A Mayo Clinic internist’s talk at the high-profile TEDWomen conference in Washington, D.C., outlined the stunning limitations of mammography for 30 to 60 percent of women (depending on age) and added fuel to her 10-year quest to offer a new, alternative screening technology.
Dr. Deborah Rhodes spoke in early December at TEDWomen, one of a series of events that highlights innovative thinkers and “ideas worth spreading.” Other cutting-edge leaders included Facebook Chief Operating Officer Sheryl Sandberg and Ugandan farmer Annet Namayanja, who’s created a new kind of protein-rich bean.
Since the speech was posted online late last week, it has become one of TEDWomen’s “most emailed” and has caused a deluge of interview requests, said a Mayo spokesperson.
In her talk, Rhodes zeroed in on the center of recent controversy and confusion over mammogram guidelines: breast density.
- Breast tissue density is a higher risk for breast cancer than having a mother or sister with the disease, but 95 percent of women don’t know this, or how dense their breast tissue is.
- Mammography has only a 40 percent chance of detecting early stage tumors, like dense tissue, are white on a mammogram image.
- Molecular Breast Imaging (MBI) technology, currently licensed to California’s Gamma Medica, catches three times as many tumors in breasts with dense tissue, using significantly lower levels of radiation than currently offered by other gamma screening cameras. It also costs about $500, compared to more than $1,100 for an MRI.
“It is time for us to accept both the extraordinary successes of mammography and the limitations,” Rhodes said, issuing a challenge to the interests that would protect the status quo. “We need to individualize screening based on density.”
An Unanswerable Question
Ten years ago breast density was little understood, but Rhodes learned enough to realize she could not offer an at-risk patient a definitive early diagnosis with a mammogram. She then teamed up with Michael O’Connor, a professor of radiologic physics at Mayo Clinic. His team designed a type of scanner using a gamma camera, which produces images from a gamma radiation-emitting radioisotope that is injected. Gamma camera technology had just been made small enough to fit onto a mammography plate, which was what the team used for its first prototype.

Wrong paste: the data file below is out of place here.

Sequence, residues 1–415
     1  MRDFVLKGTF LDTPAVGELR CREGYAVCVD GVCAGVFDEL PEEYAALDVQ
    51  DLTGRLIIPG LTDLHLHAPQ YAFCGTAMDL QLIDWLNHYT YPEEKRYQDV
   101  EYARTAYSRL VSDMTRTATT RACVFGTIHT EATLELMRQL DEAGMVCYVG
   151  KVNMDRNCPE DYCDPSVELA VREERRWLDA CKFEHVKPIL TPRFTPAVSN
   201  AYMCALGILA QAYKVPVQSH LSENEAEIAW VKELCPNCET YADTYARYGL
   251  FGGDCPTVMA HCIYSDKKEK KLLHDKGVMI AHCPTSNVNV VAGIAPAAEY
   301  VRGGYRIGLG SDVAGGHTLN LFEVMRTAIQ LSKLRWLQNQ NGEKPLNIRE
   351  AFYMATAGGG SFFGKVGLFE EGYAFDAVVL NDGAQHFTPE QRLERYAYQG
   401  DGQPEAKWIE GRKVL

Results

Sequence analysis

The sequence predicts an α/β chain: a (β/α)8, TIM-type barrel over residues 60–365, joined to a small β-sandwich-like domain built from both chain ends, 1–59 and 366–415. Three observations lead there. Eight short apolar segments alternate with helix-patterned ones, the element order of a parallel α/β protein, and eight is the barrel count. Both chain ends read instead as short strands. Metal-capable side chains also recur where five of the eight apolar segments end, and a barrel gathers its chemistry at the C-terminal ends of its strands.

When injected, the radioisotope concentrates in active clusters of cells, or tumors, which show up as black dots on the image. Mayo quickly got great results testing the technology, catching more and much smaller tumors than mammograms. In 2004, the Susan G. Komen Foundation funded a study of 1,000 women with dense breasts comparing a screening mammogram to MBI. Of the tumors found, MBI caught 83 percent, while mammogram caught only 25 percent.
In 2004, while the Mayo team was conducting its study, Dilon Diagnostics, based in Newport News, Virginia, began selling its own gamma screening units. The clarity of gamma scans makes it easier to plan surgery or see if chemotherapy administered before surgery is shrinking a tumor. The technology has its own name — breast-specific gamma imaging, or BSGI. Nancy Morter, director of marketing and communications, said Dilon has installations in about 150 clinics in the U.S. as well as several other countries.
Radiation levels are the key concern for MBI, BSGI, and related therapies. Because the radioisotope is injected, all organs are exposed instead of just the breasts. Radiation levels in scans are the subject of ongoing controversy, because nobody really knows for sure the true risk they pose. “If you don’t have dense breasts or other risk factors, then you don’t want the radiation exposure — you don’t need this,” Morter said.
Getting that dose as low as possible is the goal for Rhodes and her team, and MBI is currently one-fifth the level of other gamma technologies, or “comparable to a mammogram,” states the Gamma Medica site. The Mayo team will be publishing studies that attempt to weigh MBI’s potential against its risks as a regular annual screening tool for women with dense breast tissue.
A 2009 Elsevier Business Intelligence report valued the U.S. market for breast cancer detection and diagnostic technologies at approximately $2.18 billion in 2008, estimated to climb to $2.84 billion by 2013. But all gamma imaging technologies, at the time of the report, were considered too new and experimental to be included. Gamma Medica did not return a call for comment, but Morter of Dilon Diagnostics said there are about 9,000 U.S. Mammography Quality Standard Act-certified centers, plus independent imaging centers, and about 10,000 abroad as well. “Asian markets really like this (BSGI) device, as well as other countries with socialized medicine,” Morter said. “It is very affordable and easily accessed.” BSGI systems cost about $300,000 each for just the capital equipment.
Gamma Medica has been selling its Lumagem molecular breast imaging system with Mayo technology since 2009, but no sales figures are known; in her talk Rhodes said it was “still not widely available.” (Rhodes does not profit financially from the technology.) Given that replication of its studies will take years, and that the medical industry as a whole is slow to change, it’s anybody’s guess whether MBI or some other “disruptive” technology — or technologies — will improve early breast cancer screening.
Until MBI or other alternatives such as a new test that will better quantify density are more widely employed, both Rhodes and Morter say, it’s up to women to ask about their breast density classification when they get screened.
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